- You can attend online meetings even when you are not healthy enough to attend in-person meetings, which means no appointments wasted.
3-4. Things I keep in mind as a mediation commissioner
Mediation commissioners must be on a neutral and fair ground. As such, I do my utmost to be as impartial as possible when listening to the parties.
In particular they usually attend their first mediation sessions with many different emotions (mostly negative ones, such as anger and sadness). This is why I make it a point to start by listening to their opinions and claims to the extent that time allows.
Even after mediation of family cases (particularly estate division cases), kinship relationships between the parties will endure. This is why I wish to provide mediation that convinces all involved parties, so ideally they can leave with smiles on their faces, saying things like, "We have exchanged concessions and I cannot complain."
I recall one person who shed tears and showed anger at mediation sessions. When the case was eventually mediated with success, the person smiled at me and said, "You were listening patiently to me without interrupting me, which helped me make up my mind to make this compromise. Thank you very much." There are moments when it seems appropriate to interrupt people who begin to speak about things that do not really relate to the matter under dispute from the perspective of early settlement, given the limited amounts of time allowed for our sessions. In such moments, however, I make it a point to remember these words.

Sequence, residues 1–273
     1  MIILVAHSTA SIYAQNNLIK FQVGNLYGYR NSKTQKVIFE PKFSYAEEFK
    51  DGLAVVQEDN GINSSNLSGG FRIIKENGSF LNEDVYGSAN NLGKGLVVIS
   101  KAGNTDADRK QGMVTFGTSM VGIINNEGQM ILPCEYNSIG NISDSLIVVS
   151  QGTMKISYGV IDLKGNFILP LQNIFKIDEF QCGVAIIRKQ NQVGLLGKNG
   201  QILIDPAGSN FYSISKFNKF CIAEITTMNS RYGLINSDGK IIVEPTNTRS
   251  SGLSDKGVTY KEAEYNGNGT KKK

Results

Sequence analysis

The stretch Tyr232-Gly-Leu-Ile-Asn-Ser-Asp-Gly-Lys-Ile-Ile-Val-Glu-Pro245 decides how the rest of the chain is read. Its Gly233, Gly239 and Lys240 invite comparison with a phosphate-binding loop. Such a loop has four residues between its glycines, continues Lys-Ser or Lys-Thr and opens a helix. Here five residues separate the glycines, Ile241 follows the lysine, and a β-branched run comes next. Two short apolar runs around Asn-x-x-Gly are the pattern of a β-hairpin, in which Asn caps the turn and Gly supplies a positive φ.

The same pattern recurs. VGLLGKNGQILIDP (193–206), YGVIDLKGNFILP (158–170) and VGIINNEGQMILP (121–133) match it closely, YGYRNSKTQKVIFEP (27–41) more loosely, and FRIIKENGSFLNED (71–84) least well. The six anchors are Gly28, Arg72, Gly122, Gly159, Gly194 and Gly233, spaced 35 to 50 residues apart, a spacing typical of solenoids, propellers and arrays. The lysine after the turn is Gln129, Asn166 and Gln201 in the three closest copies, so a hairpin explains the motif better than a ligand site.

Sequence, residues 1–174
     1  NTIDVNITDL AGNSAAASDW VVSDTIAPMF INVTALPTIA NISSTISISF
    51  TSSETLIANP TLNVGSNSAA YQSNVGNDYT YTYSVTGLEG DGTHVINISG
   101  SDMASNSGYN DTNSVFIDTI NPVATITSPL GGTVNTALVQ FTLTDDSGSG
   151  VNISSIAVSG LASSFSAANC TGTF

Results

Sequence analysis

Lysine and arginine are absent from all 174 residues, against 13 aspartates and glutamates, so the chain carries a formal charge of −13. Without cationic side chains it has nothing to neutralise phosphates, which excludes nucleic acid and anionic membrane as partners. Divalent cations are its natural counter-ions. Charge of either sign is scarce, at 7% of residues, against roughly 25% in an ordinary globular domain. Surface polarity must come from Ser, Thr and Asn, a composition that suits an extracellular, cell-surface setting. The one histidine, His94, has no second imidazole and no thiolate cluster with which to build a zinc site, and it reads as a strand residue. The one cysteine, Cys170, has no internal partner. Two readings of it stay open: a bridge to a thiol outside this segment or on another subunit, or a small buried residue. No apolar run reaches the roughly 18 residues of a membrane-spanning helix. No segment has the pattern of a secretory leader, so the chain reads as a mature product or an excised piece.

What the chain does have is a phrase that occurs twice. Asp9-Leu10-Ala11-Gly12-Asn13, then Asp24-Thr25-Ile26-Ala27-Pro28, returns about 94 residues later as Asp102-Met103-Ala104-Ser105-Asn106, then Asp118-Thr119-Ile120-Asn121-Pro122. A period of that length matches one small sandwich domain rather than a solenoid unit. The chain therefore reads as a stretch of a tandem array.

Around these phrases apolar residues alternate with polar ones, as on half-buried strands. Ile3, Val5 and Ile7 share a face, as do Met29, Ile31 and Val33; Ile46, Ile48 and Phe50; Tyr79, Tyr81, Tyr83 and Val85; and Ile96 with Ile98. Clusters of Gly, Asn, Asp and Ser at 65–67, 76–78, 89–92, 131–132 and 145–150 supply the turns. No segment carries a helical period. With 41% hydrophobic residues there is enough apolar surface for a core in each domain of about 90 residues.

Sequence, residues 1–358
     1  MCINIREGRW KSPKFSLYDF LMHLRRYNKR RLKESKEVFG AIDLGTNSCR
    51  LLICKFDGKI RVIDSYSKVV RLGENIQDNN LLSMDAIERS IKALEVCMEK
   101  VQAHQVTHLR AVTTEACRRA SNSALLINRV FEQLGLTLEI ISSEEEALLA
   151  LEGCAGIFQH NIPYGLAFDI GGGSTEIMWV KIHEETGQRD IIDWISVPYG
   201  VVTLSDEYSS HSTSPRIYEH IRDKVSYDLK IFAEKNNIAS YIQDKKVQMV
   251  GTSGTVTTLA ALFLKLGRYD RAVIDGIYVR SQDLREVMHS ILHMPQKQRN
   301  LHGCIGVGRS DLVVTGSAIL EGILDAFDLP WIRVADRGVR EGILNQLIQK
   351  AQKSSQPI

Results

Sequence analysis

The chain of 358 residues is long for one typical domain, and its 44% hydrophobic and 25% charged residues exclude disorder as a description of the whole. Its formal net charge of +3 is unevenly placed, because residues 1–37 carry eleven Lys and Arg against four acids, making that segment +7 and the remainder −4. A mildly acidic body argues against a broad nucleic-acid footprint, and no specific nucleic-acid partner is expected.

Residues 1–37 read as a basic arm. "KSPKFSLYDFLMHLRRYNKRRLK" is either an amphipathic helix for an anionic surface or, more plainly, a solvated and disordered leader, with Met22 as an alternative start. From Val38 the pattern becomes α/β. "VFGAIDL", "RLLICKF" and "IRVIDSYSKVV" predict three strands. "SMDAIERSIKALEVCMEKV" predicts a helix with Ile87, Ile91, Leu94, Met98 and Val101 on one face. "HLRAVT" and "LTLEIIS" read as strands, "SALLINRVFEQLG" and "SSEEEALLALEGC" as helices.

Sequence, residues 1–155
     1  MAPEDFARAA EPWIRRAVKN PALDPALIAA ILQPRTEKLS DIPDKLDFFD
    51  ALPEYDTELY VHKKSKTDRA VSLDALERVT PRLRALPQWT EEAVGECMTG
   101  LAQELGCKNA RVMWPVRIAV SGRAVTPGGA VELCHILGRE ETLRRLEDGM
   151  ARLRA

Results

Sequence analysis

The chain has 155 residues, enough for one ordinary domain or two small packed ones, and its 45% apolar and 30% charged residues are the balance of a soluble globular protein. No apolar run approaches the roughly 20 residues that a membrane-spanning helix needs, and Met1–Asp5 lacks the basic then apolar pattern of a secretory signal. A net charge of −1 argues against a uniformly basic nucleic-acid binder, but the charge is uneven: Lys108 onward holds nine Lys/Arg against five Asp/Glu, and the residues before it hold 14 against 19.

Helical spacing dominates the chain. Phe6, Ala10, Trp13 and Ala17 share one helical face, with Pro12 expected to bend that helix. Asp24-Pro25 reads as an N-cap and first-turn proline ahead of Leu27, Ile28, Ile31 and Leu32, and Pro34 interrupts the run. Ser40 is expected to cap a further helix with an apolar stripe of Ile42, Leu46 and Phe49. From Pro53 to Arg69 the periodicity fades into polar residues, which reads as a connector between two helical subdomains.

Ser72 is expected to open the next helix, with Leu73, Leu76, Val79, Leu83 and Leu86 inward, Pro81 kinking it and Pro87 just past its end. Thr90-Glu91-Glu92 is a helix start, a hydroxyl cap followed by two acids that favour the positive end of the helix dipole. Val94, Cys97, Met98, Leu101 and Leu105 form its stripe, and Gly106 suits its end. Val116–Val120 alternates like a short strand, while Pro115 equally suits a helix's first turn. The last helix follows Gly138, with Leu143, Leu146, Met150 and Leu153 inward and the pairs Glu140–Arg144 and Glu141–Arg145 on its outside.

I will continue to strive to help people to the best of my ability.
4. Until the end of my life
I entered a law school in my 40s and became a lawyer at 49.
"Can I really juggle family and study?" "Can I be admitted in the first place?" Although these worries swirled around in my mind, I paid more attention to my sense of excitement, which actually outweighed the anxiety and encouraged me to give it a try! Age has nothing to do with realizing dreams. I feel so from the bottom of my heart. You can do whatever you want to do whenever you want to do it. It is all up to yourself to shift from one phase of your life to another, starting a second life, third life, and more.
I think will keep making bold decisions myself until the end of my life, so I will never regret what I did not do.
Yuko Ito was born in Tokyo in 1967. After graduating from the Waseda University School of Law, she spent years as a full-time homemaker before enrolling with the Chuo Law School (program for students who have not yet studied law), from which she graduated in March 2014. She passed the (69th) bar exam in September 2015 and was employed by a law firm based in Tokyo. She has been working for Ando Sogo Law Office since November 2020.